10 Roles Coaches Serve...and What They Looked Like in My Coaching, Ep. 73 Buzzing with Ms. B: The Coaching Podcast
Instructional coaches serve the needs of students, teachers, and other school staff in different ways.
At one school, they may be responsible for helping to design curriculum to teach English learners in kindergarten while at another their role might entail teaching teachers how to better support students with disabilities.
Many times, the responsibilities of instructional coaches are misunderstood by teachers. I’ve found that when teachers don't understand the role of an instructional coach, they make it up.
I explain what these roles look like in the classroom and my coaching practice.
The 10 Roles of Coaches
1. Resource Provider
In Episode 68, I discussed using different levels of support to create access points for all teachers. Providing resources is a level one or low-level support. It’s one of the least scary things a teacher can ask for from a coach, but it has big rewards.
As a coach, I would compile resources based on gaps in practice and the needs I noticed while co-planning with teachers. When you share materials with teachers, it helps build the relationship and shows that you think about them.
2. Data Coach
Coaches, teachers, and principals look at tons of data. This season during a coaching call episode with Christy al-Jerby, we talked about systems that can be helpful for reviewing assessment and data.
I suggested she have a standing meeting with teachers on the calendar to review data and plan for next steps. As a coach, I scheduled weekly data meetings in advance, often at the beginning of the year.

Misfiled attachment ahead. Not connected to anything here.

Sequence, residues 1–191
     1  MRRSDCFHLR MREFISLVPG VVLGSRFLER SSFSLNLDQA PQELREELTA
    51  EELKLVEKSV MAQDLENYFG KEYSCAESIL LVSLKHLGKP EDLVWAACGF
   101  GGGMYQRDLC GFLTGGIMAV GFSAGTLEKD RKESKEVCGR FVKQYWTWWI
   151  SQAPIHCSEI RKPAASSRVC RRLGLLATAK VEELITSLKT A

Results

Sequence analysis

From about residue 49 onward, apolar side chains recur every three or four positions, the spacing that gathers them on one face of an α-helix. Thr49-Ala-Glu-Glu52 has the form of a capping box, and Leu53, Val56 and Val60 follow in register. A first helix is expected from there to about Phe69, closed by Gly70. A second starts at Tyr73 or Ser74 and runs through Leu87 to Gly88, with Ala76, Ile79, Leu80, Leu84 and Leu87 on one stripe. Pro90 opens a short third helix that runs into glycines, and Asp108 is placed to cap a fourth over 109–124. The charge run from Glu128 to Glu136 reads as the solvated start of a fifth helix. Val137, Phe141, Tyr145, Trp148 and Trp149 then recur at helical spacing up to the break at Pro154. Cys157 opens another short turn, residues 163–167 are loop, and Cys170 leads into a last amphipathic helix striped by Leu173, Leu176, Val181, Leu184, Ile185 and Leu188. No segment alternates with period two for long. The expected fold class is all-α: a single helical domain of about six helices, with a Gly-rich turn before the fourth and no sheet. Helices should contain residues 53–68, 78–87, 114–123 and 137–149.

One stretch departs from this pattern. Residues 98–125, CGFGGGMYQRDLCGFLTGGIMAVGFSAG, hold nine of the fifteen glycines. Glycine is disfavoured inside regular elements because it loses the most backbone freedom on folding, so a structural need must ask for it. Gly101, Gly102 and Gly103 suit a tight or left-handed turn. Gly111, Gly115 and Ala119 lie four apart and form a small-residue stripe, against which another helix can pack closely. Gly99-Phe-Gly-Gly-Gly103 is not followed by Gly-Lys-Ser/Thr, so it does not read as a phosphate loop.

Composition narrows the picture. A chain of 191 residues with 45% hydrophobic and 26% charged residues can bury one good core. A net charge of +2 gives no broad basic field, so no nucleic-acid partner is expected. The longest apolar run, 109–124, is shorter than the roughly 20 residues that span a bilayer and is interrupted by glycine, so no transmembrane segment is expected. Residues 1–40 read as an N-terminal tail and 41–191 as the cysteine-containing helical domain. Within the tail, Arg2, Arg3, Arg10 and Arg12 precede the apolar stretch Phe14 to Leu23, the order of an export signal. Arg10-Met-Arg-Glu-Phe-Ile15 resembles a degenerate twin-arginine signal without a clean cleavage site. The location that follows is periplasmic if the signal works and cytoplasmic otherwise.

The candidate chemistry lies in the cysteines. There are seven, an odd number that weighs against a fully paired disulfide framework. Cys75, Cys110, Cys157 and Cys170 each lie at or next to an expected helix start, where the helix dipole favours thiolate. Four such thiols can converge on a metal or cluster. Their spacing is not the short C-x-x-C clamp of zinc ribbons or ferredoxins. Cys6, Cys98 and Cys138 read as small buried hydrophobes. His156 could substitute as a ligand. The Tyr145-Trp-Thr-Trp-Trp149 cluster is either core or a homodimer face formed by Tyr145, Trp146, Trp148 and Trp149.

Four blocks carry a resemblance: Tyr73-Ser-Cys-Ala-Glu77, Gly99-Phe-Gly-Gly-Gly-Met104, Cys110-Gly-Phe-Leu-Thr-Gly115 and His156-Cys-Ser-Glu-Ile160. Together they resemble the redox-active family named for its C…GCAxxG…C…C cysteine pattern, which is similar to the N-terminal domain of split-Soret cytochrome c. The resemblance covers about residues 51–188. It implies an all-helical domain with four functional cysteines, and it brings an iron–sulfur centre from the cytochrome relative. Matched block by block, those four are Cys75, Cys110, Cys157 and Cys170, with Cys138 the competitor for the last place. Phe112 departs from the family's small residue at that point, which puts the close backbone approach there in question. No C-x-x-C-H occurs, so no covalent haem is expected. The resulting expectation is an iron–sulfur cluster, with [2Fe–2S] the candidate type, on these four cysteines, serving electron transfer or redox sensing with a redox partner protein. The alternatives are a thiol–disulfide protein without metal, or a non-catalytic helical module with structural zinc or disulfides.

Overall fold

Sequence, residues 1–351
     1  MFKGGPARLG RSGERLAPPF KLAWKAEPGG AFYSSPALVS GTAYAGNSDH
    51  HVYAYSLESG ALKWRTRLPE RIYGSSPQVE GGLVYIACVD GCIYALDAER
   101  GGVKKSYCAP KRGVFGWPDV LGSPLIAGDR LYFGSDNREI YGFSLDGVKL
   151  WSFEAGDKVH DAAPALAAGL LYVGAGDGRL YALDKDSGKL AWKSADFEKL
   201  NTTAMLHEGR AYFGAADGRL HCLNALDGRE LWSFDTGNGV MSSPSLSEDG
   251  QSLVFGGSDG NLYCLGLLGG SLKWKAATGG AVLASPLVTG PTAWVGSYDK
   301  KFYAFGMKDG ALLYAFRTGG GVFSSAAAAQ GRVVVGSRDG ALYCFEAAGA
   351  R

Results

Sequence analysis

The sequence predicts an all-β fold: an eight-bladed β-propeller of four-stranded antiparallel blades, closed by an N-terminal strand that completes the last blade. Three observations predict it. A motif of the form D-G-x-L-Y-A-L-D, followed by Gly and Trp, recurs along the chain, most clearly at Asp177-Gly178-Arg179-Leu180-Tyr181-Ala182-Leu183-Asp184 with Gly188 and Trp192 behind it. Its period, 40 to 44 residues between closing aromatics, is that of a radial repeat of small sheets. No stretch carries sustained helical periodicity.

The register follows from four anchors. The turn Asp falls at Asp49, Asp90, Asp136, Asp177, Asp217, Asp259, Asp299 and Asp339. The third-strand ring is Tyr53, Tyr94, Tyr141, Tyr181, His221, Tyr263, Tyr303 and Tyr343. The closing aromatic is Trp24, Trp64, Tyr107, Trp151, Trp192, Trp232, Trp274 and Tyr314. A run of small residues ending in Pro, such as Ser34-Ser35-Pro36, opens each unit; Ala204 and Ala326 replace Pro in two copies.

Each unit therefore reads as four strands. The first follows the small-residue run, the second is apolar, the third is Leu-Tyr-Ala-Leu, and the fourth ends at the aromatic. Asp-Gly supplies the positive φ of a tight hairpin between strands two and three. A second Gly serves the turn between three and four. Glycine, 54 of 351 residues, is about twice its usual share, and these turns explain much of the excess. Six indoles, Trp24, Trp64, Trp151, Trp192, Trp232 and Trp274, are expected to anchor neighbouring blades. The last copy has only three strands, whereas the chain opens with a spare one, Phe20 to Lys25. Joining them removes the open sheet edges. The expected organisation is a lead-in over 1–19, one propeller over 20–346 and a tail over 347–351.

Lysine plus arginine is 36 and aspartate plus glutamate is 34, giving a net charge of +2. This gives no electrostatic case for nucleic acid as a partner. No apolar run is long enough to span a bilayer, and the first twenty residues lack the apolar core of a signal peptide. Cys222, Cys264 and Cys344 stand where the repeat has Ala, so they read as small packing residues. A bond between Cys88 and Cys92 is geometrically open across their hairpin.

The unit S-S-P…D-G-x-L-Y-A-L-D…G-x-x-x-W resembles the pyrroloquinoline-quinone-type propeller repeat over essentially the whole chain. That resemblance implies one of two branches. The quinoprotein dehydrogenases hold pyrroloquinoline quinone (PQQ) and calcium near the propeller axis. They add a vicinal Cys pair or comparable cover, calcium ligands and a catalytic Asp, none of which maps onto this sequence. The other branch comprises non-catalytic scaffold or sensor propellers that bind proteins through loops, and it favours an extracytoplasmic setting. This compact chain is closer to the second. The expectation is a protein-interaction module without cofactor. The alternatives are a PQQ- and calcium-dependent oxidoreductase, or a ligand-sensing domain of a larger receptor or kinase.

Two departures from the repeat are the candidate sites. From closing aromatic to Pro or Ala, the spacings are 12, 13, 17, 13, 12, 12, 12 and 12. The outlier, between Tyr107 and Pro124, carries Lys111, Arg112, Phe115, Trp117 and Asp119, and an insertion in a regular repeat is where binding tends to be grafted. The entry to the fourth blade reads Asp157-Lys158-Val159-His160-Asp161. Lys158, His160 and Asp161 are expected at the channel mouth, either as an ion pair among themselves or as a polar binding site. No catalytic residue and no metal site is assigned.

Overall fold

3. Curriculum Specialist
Coaches need to know a lot of stuff. Especially if they specialize in a content area like literacy or math.
They need to understand the national and state standards as well as local initiatives. Instructional coaches also need to know best practices and have access to resources.
In this role, I met with three grade levels every week for 90 minutes. I would walk them through the planning process. Teachers would share ideas and collaborate. Then we would structure this information so that teachers had lessons to try out in their classroom.
4. Instructional Specialist
Being an instructional specialist is not just about what is taught but about how you teach. This type of work often happened during PLCs.
During professional learning, we created lesson plans and talked about the strategies we could use to approach the activities. I kept a bank of high-impact strategies for each content area as well.
I share all about this planning process in The Confident Literacy Coach Course. I explains how to plan with teachers and build high-impact strategies that can be used throughout the year.
Mentors are often thought of as something for new staff. But all teachers and coaches need a mentor because they help us grow.
As a coach, I had mentors to learn from and ask questions. They also helped me become a better a coach and that allowed me to help more teachers.